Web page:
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MDK: The Largest Mobile Botnet in China

Created: 24 Jan 2013 03:05:39 GMT • Updated: 23 Jan 2014 18:10:10 GMT • Translations available: 日本語
Flora Liu's picture
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In February 2012, we blogged about Android.Bmaster (a.k.a. Rootstrap), which infected hundreds of thousands of devices. At that time, it was the largest mobile botnet documented to date. Recently, the Bmaster botnet has been overtaken by the newly uncovered MDK botnet. Dubbed as Android.Troj.mdk, Kingsoft believes it is hidden in more than 7,000 apps and has infected up to one million devices.

Symantec’s analysis suggests the MDK Trojan is a new variant of Android.Backscript. Our detection for this threat family has been in place since September 2012. The code of MDK is very similar to Android.Backscript and they use the same certificate to sign APKs. However, unlike the previous versions, this new variant uses an Advanced Encryption Standard (AES) algorithm to encrypt data, like servers and commands, in a file.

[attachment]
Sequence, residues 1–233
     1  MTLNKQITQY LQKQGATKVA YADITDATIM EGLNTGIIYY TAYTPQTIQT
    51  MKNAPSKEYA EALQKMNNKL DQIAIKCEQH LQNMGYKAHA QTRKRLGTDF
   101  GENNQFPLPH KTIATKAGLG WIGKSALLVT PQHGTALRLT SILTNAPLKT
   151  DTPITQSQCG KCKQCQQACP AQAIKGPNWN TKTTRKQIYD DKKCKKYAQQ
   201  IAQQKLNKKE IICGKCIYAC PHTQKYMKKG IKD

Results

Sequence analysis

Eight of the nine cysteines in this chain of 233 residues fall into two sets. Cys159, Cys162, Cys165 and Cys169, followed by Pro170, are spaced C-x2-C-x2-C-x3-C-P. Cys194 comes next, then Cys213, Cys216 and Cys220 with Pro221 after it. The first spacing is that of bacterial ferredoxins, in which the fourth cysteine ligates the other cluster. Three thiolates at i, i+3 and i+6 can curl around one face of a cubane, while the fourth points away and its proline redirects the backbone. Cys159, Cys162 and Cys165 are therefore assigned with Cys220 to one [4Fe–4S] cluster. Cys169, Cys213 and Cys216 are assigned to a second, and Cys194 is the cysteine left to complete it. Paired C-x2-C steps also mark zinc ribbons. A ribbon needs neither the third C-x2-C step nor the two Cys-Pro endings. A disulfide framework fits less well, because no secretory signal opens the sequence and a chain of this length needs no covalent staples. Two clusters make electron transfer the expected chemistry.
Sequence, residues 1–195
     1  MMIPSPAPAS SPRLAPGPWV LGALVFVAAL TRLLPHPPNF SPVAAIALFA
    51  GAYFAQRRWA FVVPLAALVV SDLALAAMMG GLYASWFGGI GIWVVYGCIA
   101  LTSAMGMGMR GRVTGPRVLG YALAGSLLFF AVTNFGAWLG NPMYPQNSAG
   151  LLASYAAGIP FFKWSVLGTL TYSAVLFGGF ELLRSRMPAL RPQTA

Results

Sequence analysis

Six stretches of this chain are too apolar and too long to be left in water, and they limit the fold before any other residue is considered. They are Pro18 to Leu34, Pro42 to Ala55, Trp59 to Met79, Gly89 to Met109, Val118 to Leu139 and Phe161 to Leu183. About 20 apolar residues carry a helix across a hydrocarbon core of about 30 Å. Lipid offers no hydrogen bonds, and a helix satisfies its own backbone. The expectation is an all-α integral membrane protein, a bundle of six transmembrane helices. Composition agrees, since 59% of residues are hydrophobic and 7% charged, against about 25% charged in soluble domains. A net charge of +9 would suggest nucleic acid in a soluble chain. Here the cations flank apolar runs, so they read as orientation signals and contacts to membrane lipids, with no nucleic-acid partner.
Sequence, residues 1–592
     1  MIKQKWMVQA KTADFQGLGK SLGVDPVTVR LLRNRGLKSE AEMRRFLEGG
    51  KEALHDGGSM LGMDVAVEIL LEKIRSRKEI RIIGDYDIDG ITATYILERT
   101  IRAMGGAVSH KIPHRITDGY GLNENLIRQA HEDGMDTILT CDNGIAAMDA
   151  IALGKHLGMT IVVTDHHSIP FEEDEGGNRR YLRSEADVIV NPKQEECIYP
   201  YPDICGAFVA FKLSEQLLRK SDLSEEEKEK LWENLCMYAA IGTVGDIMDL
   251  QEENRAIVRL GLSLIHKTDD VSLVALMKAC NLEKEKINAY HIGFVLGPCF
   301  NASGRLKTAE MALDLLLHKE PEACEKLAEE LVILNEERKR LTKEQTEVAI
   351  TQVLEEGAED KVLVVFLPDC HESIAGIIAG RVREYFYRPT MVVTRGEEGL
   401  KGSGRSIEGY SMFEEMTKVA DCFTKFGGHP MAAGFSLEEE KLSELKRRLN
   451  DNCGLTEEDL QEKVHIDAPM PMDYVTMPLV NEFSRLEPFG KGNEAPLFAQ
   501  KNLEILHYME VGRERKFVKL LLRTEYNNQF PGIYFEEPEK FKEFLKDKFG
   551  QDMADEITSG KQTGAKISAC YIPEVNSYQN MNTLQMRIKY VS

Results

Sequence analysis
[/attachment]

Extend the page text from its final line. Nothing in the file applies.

Figure 1. The same certificate used by MDK and Android.Backscript

 

Figure 2. File containing encrypted Servers and commands

 

Once installed, the Trojan enables the attacker to remotely control users’ devices, consequently allowing the attacker to harvest user data, download additional APKs, and generate nuisance adware. The following server is used to download scripts and additional APKs:

app.looking3g.com

The Trojan has been repackaged into legitimate apps, including popular games such as Temple Run and Fishing Joy, to lull users into installing the malware. The Trojan also uses dynamic loading, data encryption, and code obfuscation to evade detection.

Figure 3. Trojanized Temple Run, malicious service “m” started to decrypt data

 

Symantec detects this MDK botnet as Android.Backscript. Our detection has caught more than 11,000 malicious apps. The infections appear to be confined to China as the Trojanized apps are mostly found on Chinese third-party markets.

Android users can stay safe by only downloading apps from well-known and trusted app vendors, and by installing a security app, such as Norton Mobile Security or Symantec Mobile Security, on the device. For general smartphone and tablet safety tips, please visit our Mobile Security website.